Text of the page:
The next stop was Territorial Seed in Cottage Grove. Just a little glimpse of the spring to come, we were talking and working out garden plans and what to focus on this year. So exciting... but about time to start planting seedlings soon! (Another favorite resource that's local is Victory Seeds -- who say the last frost date is 5/22. So back that up 8 weeks for when to plant your tomato starts... so...  March 27th. That's still a long ways off. *sigh*)

We love the valley, so driving and talking while we look at fields, sheep, mountains, etc. And Oregon gave us an intense demo of her favorites this time of year, such as driving rain, wicked winds, spitting drizzle, sunshine, and of course rainbows.

Turning back up to Eugene (dirty, dirty Eugene), we hit Fisherman's Market. The photo most easily found online makes me laugh, because they must've been taken about five years go. They show a bright, clean, well organized shop.  What we found was not quite the same thing.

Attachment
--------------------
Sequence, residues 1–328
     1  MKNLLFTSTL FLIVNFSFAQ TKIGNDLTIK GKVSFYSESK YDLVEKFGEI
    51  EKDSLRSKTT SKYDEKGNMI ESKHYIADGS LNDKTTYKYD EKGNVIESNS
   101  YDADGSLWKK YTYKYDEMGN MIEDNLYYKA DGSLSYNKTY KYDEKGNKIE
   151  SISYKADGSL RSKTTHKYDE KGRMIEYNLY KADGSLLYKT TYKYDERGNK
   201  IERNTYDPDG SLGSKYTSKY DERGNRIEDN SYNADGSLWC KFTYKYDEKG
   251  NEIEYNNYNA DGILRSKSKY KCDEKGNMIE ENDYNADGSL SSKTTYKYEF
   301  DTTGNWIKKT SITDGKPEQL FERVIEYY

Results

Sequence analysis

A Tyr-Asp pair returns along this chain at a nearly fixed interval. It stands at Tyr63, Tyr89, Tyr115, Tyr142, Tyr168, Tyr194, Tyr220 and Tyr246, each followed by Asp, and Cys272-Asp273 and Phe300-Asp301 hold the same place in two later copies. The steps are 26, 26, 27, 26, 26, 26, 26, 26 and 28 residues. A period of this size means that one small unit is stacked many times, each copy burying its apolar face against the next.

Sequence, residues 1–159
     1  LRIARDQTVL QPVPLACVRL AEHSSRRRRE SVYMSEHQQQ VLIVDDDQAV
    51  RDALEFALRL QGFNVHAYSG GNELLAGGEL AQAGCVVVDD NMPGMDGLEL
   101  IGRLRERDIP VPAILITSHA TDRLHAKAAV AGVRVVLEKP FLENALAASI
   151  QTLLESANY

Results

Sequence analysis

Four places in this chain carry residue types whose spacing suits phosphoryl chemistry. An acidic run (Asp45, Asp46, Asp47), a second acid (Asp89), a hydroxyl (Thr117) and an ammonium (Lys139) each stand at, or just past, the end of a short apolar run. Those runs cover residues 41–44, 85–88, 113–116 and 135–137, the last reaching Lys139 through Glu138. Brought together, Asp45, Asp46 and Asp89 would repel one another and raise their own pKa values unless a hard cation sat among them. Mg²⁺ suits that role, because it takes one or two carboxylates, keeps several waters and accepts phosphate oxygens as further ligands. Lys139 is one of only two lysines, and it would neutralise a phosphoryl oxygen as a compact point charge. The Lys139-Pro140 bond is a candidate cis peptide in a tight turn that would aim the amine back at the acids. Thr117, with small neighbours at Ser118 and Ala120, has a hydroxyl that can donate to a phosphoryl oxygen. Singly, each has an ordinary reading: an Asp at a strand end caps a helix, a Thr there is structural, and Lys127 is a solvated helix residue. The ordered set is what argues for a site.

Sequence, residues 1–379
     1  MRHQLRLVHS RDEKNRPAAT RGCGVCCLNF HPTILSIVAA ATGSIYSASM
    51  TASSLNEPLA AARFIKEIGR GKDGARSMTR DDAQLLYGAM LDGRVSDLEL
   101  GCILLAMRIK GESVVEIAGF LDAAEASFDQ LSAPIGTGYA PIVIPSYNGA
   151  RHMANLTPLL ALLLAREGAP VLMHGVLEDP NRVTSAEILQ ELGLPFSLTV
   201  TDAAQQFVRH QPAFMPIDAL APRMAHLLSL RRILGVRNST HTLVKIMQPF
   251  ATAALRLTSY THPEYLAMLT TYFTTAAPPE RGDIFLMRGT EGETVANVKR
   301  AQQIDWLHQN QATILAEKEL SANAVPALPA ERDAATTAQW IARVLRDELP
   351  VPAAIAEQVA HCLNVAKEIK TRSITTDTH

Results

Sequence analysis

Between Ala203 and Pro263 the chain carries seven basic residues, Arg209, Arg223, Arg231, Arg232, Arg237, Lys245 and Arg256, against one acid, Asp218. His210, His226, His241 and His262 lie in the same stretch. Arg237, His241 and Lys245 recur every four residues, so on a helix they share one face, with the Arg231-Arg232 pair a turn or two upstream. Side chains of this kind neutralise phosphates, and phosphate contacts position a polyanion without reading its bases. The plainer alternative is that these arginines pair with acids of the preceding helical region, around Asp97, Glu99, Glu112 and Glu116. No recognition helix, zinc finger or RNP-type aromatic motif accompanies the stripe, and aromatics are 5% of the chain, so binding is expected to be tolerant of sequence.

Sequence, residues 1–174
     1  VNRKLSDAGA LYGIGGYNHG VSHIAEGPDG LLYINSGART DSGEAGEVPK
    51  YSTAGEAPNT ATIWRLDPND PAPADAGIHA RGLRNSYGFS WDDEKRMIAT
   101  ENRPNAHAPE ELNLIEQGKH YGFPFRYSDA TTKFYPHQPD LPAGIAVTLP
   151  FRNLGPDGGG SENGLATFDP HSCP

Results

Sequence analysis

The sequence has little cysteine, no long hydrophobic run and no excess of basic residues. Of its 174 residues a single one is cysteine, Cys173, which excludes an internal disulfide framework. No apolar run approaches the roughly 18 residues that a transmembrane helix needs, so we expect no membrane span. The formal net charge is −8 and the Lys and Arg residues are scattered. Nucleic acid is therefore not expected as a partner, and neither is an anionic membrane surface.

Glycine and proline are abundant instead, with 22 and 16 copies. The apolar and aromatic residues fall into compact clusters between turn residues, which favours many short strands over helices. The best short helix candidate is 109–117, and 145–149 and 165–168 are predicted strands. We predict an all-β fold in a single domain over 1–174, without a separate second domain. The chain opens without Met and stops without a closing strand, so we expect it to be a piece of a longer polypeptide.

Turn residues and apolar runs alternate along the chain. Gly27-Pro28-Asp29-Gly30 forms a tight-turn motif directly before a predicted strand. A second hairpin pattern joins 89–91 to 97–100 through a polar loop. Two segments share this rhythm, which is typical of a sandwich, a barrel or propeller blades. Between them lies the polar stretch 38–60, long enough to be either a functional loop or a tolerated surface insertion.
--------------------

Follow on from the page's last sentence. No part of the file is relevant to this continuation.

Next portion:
Parking across the street (in front of the old Hollywood video) is easy. Upon entering, you're hit with a stench -- I'm always wary of a fish market that smells. A well kept fish market shouldn't smell. I mean there's that natural, from the ocean, fish smell... and then there's all that gone wrong -- and that's the smell you don't want. It's true that keeping a live-well setup for crab, mussels and the like makes that tougher. But still... I've been in many a place that didn't smell like this. Half fish market, half seafood diner, you can pick your live crab, or order from a small menu. We opted for the clam strips and chips, and the "house specialty" of Cajun Crawfish Pie.